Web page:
November 30, 2015 1:56PM

Honoring the Man Who Prevented the Second Korean War

Former president Kim Young-sam was laid to rest in Seoul. Kim long battled against military rule. In 1992 he was elected president.

His reputation suffered when the Republic of Korea was engulfed by the Asian economic crisis. But Kim may have prevented the Second Korean War.

Early during Kim’s tenure the first nuclear crisis exploded. The so-called Democratic People’s Republic of Korea had embarked on a nuclear program, centered at Yongbyon.

President Bill Clinton, Secretary of Defense William Perry, and Assistant Secretary of Defense Ashton Carter, the current Pentagon chief, decided to strike. War was a truly mad idea.

Carter and Perry later explained that they had “readied plans for striking at North Korea’s nuclear facilities and for mobilizing hundreds of thousands of American troops for the war that probably would have followed.” Nevertheless, they expected to limit deaths to “thousands of U.S. troops and tens of thousands of South Korean troops” due to the allies’ overwhelming military superiority.

However, the two underplayed likely civilian casualties. With mass artillery dug in along the Demilitarized Zone, abundant Scud missiles available for attack, and mass armor poised only a few miles north of Seoul, the casualties and destruction could be enormous. Nuclear radiation also would threaten.

Perhaps most extraordinary, the Clinton administration planned for war without involving Seoul. When informed, Kim argued with Clinton, causing the latter to relent, but only temporarily. Former President Jimmy Carter then visited the North, transmitting Kim Il-sung’s offer to negotiate.

Ashton Carter continued to propose war against the DPRK. In 2002 Carter and Perry coauthored an article for the Washington Post: “Today, just as in 1994, a conventional war would be incredibly dangerous, but not as dangerous as allowing North Korea to proceed with this new [uranium] program,” they wrote. Thus, “North Korea now needs to proceed with the understanding that the United States would not tolerate a North Korean program to build nuclear weapons.”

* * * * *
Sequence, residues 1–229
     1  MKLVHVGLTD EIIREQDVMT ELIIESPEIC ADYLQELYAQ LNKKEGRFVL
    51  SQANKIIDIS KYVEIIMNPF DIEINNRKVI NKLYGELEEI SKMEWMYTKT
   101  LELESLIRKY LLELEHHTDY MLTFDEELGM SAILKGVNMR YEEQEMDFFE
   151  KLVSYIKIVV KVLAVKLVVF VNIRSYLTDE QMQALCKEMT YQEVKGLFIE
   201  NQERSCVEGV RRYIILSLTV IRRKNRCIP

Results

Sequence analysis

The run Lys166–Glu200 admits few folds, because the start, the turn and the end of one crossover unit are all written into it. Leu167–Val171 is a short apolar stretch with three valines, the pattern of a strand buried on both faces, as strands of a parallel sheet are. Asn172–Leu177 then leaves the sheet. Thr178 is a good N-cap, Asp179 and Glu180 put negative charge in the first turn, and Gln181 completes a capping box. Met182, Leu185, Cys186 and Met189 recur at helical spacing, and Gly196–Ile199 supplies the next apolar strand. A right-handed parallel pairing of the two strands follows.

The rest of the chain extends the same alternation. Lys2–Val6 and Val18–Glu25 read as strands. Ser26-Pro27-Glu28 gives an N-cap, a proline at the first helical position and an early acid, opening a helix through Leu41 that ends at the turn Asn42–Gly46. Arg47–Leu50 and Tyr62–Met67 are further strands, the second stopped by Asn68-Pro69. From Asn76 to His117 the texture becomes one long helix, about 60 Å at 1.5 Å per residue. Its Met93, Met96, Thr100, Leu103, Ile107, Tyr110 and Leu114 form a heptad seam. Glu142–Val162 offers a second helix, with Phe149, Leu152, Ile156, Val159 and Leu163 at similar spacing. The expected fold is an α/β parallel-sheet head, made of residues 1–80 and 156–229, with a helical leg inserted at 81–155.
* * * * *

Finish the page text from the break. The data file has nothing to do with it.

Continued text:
In 2006 the two were at it again. This time they were worried about the North’s planned missile test. They wrote: “the United States should immediately make clear its intention to strike and destroy the North Korean Taepodong missile before it can be launched.” If the DPRK retaliated, no worries: the U.S. could bolster its forces.

Obviously, it is undesirable for Pyongyang to possess nuclear weapons or missiles. However, while the North’s Kim dynasty gives no evidence of being suicidal. Preserving the peace should be the number one objective on the peninsula given the costs of a Korean War rerun.

Which Kim well understood.

One problem with well-reasoned military proposals counting on the North’s rational restraint is that Pyongyang would be extremely foolish to rely on any assurances. After all, the U.S. has routinely imposed regime change.

Those who know best doubt Pyongyang’s forbearance. A North Korean defector said the military was determined to take the initiative in any war. Gen. Gary Luck, former U.S. commander in Korea, opined: “If we pull an Osirak, they will be coming south.”

The second problem is that the DPRK may well choose a limited military option commensurate with the U.S. attack. An hour long bombardment of Seoul, for instance, accompanied by the demand to expel U.S. forces. What then? It isn’t clear whether the South Korean public would be angrier with North Korea or the U.S.

U.S. war proposals are especially foolish since North Korean threats against the South as well as Japan are not threats against America. Indeed, Washington is of interest to the DPRK mostly because the former has unnecessarily intruded in a struggle between the two Koreas. Given the South’s extraordinary advantages—40 times the GDP, twice the population—there’s no reason for Washington to stay, let alone plot new wars.

As I wrote in Forbes: “Kim was political hero, but his most important legacy probably was preserving peace. Thousands, at least, and perhaps many more South Koreans and Americans have him to thank for their lives. Kim Young-sam, rest in peace.”